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June 10, 2015

City pasta guide: Lucia’s

Nostalgia proves to be the strongest flavour at Adelaide institution Lucia’s, which we visit for the fourth instalment of our city pasta guide.

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  • Words: Farrin Foster
  • Pictures: Joshua Fanning

Lucia’s, in the south west corner of the Central Market, is always full even when the rest of the market is deserted. Table stalkers hover around the periphery of the restaurant and floor staff push through tiny gaps between diners to deliver food.


Visit Lucia’s at Shop 3, Central Western Mall, Adelaide Central Market.

Securing a table, particularly for Friday lunch or dinner, feels like an achievement in itself.

Thankfully, once that task is completed things are simple. The pasta menu of this, South Australia’s first pizza bar and surely one of our first pasta spots too, is short. A few familiar sauces are available to be teamed with your choice of pasta and on Fridays only, there’s a lasagne too.

It’s a very different experience to the other three we have had while creating this guide. Ordering at the counter is a brusque affair, there’s no offer of advice, no proud chefs rolling fresh pasta attempting to feed us more than we can eat.

But still, the efficiency of Lucia’s is part of its charm. As is the ability to get a glass of wine or bottle of beer whilst in the Market, something that all sensible people know improves a shopping trip by bequeathing the patience needed to survive indecisive punters blocking aisles with trolleys.

Back at our wonky table there’s no bread, of course, because we didn’t order any. But the beers arrive quickly, and we hear its made with wheat, so close enough.

Our meals arrive at wildly different times – the tagliatelle pesto (advertised as not containing cheese, but thankfully covered in A LOT of parmesan) comes out way ahead of the two serves of lasagne we ordered.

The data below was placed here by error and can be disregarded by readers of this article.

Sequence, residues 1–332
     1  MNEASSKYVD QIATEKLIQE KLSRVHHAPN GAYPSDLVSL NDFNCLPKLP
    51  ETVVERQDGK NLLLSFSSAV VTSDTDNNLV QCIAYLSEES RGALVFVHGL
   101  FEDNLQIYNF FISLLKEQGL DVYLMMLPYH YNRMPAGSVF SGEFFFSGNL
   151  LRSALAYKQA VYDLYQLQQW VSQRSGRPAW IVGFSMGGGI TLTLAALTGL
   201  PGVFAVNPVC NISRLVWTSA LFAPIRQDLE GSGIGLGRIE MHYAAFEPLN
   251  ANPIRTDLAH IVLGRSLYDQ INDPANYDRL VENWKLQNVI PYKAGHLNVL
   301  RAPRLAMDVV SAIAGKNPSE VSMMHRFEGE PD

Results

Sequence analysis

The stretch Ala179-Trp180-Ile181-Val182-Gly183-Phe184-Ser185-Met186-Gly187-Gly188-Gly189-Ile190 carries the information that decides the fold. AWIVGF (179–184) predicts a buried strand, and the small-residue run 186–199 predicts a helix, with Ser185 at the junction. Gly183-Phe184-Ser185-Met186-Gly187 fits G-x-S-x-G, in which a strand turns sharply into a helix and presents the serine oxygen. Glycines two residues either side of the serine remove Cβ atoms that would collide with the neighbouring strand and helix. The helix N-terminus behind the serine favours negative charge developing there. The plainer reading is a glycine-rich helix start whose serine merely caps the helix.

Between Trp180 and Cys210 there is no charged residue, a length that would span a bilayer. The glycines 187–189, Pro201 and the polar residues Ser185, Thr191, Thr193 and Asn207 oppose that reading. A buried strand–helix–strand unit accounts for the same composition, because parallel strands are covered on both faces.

Pesto is a standard, but Lucia’s does a nice version. Made with cream and fresh basil from around the market, it’s a non-invasive flavour that is still robust enough. The tagliatelle is nothing particularly special, but it is well cooked and the piles of parmesan add a good kick.

Luckily we’ve known each other a long time, so everyone avoids hunger by having a go at the tagliatelle.

As a result, the lasagne is attacked with gusto when it arrives. It’s a decent lasagne, and the layer of ham adds something that probably takes it beyond the realm of what your parents made (unless they’re Italian). It’s not inspiring enough to dedicate paragraphs too, but nor is it in anyway disappointing.

And ultimately, inspiring and original food is not what Lucia’s is for. Even if you didn’t spend any time there as a child, the atmosphere of the place gives off a comforting nostalgia – and the food reflects that as well. This pasta won’t change the way you think about Italian food, but it will give you the reassuring feeling that you understand a few things in the world.

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